Monday, 31 December 2012 16:43

Roll your own business intelligence

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It is a truism that what gets measured gets improved. One important function of the CIO is to ensure strategic information is delivered to executive management as a basis for steering the company. Here is a simple C# app to easily publish results of SQL queries as Excel spreadsheets.

 

What gets measured gets improved; conversely what is not measured is not improved. In my view, one of the important roles of a Chief Information Officer relates to the "information" component of the title; information being meaningful rather than just a dump of data.

Yet, extracting information and publishing it are two separate endeavours. A small enterprise in particular can be hampered if it does not have the funds or in-house skills for dedicated business intelligence tools. Not to worry - with just a small collection of free online tools and compiling a simple application you can make scheduled reports on demand.

Consider this BAT file:

@echo off

sql2xls gm-report.sql gm-report.xlsx

"c:\program Files\7-zip\7z.exe" a -tzip gm-report.zip gm-report.xlsx

blat -to [email protected] -subject "Gross margin report" -attach gm-report.zip -body "Gross margin report attached" -debug -log blat.log

del gm-report.xlsx

del gm-report.zip

This is a standard BAT file; that means it executes a bunch of commands to achieve an overall objective. More than this, as a batch file it can be scheduled via Windows' task scheduler, ie Start/Programs/Accessories/System/Task Scheduler to run every morning or every week.

The commands perform these individual functions:

sql2xls gm-report.sql gm-report.xlsx

sql2xls is a very simple C# application I wrote, with source code in this article. It is a console application created within Visual Studio. You can easily edit and compile this code yourself using Visual Studio Express or any command-line C# compiler. You do not need to purchase the full retail edition of Visual Studio.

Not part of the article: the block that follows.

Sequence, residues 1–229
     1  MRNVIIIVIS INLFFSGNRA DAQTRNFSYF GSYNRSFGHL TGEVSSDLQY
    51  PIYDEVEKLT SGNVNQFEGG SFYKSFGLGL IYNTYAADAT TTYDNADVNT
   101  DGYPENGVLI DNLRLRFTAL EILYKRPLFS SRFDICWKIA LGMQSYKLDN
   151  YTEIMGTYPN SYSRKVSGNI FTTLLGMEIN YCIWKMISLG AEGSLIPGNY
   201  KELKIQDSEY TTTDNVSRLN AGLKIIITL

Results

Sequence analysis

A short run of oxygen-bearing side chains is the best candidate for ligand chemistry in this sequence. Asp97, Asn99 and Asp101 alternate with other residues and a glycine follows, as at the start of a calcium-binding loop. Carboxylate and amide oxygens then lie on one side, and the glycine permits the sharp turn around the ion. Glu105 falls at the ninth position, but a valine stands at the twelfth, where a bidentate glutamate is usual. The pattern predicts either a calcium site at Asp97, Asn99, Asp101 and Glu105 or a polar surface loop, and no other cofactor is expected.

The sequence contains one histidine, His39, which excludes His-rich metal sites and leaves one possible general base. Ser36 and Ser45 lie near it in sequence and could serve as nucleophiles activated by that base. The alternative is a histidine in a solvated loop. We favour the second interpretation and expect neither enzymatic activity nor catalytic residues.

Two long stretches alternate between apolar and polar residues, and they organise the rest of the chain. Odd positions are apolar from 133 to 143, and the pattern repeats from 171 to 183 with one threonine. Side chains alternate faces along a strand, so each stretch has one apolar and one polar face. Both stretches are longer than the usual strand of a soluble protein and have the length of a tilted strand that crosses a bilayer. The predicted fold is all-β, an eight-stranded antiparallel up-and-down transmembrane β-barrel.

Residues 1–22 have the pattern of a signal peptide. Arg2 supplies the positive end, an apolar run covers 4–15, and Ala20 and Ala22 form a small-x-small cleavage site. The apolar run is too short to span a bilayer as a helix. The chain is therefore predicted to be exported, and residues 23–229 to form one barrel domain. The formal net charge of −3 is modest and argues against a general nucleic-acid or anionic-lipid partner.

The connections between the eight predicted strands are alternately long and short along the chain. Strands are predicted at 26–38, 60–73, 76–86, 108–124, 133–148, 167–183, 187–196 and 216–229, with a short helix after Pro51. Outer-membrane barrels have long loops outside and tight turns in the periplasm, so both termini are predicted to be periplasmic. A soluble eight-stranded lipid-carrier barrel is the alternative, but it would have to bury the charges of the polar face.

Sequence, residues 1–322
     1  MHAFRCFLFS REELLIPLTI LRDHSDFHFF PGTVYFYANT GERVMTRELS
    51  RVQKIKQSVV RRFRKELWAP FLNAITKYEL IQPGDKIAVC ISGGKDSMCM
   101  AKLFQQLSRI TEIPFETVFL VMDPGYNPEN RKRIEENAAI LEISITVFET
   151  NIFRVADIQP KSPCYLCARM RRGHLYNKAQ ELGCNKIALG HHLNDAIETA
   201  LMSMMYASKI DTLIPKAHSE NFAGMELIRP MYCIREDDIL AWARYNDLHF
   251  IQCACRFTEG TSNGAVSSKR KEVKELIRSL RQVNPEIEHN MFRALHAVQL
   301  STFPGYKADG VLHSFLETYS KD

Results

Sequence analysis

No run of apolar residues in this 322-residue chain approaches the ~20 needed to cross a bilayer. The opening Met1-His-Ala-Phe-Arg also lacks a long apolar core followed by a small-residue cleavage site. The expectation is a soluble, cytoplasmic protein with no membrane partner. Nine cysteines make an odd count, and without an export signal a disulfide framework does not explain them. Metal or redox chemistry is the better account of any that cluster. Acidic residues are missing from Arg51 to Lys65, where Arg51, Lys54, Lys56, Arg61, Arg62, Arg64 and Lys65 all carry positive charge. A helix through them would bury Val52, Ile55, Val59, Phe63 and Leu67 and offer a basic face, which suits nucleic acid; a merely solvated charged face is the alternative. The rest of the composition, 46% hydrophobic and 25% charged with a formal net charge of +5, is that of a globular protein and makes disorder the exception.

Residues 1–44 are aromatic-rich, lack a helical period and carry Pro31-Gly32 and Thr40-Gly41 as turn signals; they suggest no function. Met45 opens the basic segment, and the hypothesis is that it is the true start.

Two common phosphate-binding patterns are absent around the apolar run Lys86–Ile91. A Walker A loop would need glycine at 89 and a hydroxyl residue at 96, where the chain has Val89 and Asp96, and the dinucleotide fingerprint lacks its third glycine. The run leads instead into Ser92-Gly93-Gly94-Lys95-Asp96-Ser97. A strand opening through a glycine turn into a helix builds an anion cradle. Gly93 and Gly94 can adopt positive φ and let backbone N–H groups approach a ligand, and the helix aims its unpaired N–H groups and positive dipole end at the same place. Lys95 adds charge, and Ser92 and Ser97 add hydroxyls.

The app is so-named because it takes a SQL query, contained in the filename specified in the first parameter, executes it, then outputs all the results into an Excel spreadsheet, whose name is specified in the second parameter.

It is not unusual to find report creation taking far more time than strictly necessary due to the inherit slowness of drag-and-drop reporting tools, or by striving for perfect presentation. For internal reporting Excel is generally the best format rather than a PDF'd report with a specific layout.

Having an app like this means that your SQL-savvy users can create their own reports without needing intervention from IT.

I wrote sql2xls simply to fill a need. I had previously tried the SQL Server bcp command to create CSV files but if output included line breaks or quote marks or commas the output, understandably, broke.

So, to use sql2xls simply create a text file with an SQL query in it, no matter how simple or complex. The output will be an Excel spreadsheet with a single worksheet containing all rows and columns from the query output.

"c:\program Files\7-zip\7z.exe" a -tzip gm-report.zip gm-report.xlsx

The second command in my BAT file uses 7-Zip, a popular and free compression tool, to zip the Spreadsheet up. You can ignore this step if your report is less than 10Mb in size; for sizes larger than that you may find mail servers either refuse to send or receive it.

Download the 7-Zip command-line edition from http://7-zip.org/download.html

blat -to [email protected] -subject "Gross margin report" -attach gm-report.zip -body "Gross margin report attached" -debug -log blat.log

The third command runs "blat", a lesser known but highly useful, program which e-mails from the command line. Thus, in this line blat is employed to e-mail the zipped-up spreadsheet to a specific recipient, and with a specific subject line and body text. Other options exist to customise the e-mail further.

Download blat from http://www.blat.net/

Finally, the batch file tidies up by removing the intermediate files.

del gm-report.xlsx

del gm-report.zip

With creativity and a little knowledge of DOS BAT commands and options you can create filenames programatically, incorporating the date, for example.

As to sql2xls, the source code follows. In Visual Studio, create a new project of type Windows console application.